On Metal Chaos Ensemble: "... using unique strategies to yield densely active and eerily surreal music, an incredible excursion through experimental improvisation." - Squidco website staff
On Leap of Faith: "Alien yet familiar, bizarre yet completely fascinating. Expanding, contracting, erupting, settling down, always as one force..." - Bruce Lee Gallanter, DMG
Liner Notes by PEK
I formed Turbulence in 2015 as I started to assemble players for the Leap of Faith Orchestra. Turbulence, the extended horn section for the Orchestra (along with guests on other instruments), also records and performs as an independent unit. As if this writing in November of 2019, we have recorded just shy of 30 albums on Evil Clown with greatly varied ensembles. All of the smaller Evil Clown bands are really more about a general approach, rather than a specific set of musicians. A session gets credited to Turbulence when it is mostly horn players and the only musician on all of them is myself. The sessions range from an early duet with Steve Norton and Myself (Vortex Generation Mechanisms) to a 5 horn band with bass and two percussionists (Encryption Schemes) to four albums by the side project Turbulence Doom Choir which feature myself, multiple tubas, percussion, electronics and signal processing.
The Paroxysmal Attack album (3 November 2019) was intended to be the debut appearance of Bonnie Kane from western Mass. She is well connected with a scene in Holyoke that has a bunch of players unknown to us and she presents a monthly recurring concert that Leap of Faith performed at two days prior to this performance (The Thursday Night Experiment No. 38). Anyway, last Spring, Yuri and I had trekked from Boston down to Maryland for a Metal Chaos Ensemble gig at the Merry Pranksters promotion of Vermin Supreme for President… A real guy, look him up… Bonnie had come down and was performing with Urban Shaman Attack – the band who had invited us to the show. We got to talking and realized that we were only an hour apart, so I set up the Paroxysmal Attack set around her availability and added some horn players from the Evil Clown regulars.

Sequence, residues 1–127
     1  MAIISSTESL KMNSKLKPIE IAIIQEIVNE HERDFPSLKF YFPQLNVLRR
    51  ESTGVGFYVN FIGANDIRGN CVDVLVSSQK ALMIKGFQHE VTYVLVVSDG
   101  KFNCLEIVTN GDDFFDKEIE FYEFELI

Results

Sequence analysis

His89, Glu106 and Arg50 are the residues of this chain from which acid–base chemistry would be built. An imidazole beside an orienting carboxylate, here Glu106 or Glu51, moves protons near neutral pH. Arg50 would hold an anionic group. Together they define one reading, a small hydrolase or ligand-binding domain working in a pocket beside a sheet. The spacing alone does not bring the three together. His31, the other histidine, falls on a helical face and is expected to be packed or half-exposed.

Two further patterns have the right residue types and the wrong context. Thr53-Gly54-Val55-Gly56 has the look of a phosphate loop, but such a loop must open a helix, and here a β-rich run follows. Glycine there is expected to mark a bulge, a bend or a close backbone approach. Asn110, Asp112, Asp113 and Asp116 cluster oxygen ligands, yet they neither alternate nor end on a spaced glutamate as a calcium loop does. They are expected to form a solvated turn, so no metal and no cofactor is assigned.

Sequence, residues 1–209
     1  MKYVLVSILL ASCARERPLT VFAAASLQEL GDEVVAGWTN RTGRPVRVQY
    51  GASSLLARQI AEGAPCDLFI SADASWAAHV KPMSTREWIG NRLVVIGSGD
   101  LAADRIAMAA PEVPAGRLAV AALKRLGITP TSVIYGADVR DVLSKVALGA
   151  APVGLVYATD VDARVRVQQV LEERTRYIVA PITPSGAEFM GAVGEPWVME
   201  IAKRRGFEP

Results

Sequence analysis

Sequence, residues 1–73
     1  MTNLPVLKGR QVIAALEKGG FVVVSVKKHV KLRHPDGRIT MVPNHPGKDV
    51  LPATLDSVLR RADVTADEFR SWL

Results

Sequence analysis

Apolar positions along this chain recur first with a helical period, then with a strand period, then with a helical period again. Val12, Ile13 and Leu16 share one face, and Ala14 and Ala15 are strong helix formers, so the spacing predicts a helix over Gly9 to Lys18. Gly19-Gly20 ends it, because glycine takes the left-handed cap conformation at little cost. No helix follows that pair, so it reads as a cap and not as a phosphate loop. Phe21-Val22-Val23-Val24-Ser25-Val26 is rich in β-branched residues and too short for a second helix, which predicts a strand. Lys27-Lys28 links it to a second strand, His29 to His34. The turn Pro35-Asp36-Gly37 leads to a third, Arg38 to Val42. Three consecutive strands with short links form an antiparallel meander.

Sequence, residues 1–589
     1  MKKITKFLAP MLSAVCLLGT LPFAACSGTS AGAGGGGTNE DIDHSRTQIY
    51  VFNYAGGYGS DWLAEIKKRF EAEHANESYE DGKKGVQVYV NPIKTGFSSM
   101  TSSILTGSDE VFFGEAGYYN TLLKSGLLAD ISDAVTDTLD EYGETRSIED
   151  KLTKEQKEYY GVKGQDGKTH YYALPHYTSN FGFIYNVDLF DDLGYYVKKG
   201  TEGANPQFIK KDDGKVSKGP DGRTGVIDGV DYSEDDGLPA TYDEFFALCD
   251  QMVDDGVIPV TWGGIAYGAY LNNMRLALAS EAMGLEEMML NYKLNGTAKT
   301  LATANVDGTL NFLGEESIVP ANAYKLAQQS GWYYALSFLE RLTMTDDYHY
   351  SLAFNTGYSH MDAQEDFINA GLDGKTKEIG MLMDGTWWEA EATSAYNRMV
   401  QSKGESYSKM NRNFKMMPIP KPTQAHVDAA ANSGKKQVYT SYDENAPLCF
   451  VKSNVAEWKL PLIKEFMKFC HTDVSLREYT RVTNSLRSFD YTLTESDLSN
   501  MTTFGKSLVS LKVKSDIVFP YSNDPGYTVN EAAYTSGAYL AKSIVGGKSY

Bonnie plays tenor sax and flute and uses her own real-time electronic manipulations on those sounds. Usually for a Turbulence set at ECH, we use horns and percussion and some electronics. Anyway, Bonnie had a nasty flu and was too wiped out for the travel and the session went on without her. We were both disappointed and immediately began work on rescheduling. We decided to invite her regular drummer John Loggia to join us and eventually we landed on 29 February for the set and I invited some of the regular horn players to join in. This was a great performance since Bob, Eric, Mike and myself have played together quite a bit in a variety of contexts, and Bonnie and John also have a long running history. In the past, I have found that when several players come to Evil Clown together things are often very interesting… Here we had a sextet comprised of a quartet and a duet, opening up lots of possibility for new interaction both between units and between individuals.
Review by Bruce Lee Gallanter (full text below)
"... This session was live streamed to Youtube and recorded at Evil Clown Headquarters in February of 2020. This session sounds different from others from the Evil Clown vast catalogue. It is not just one continuous flow but more episodic. ... This is relatively strong improv session but it doesn’t sound like the Turbulence of the past.
- Bruce Lee Gallanter, DMG
Liner Notes Excerpt by PEK (full text below)
“… This was a great performance since Bob, Eric, Mike and myself have played together quite a bit in a variety of contexts, and Bonnie and John also have a long running history. In the past, I have found that when several players come to Evil Clown together things are often very interesting… Here we had a sextet comprised of a quartet and a duet, opening up lots of possibility for new interaction both between units and between individuals....”
Photos by Raffi
Review by Bruce Lee Gallanter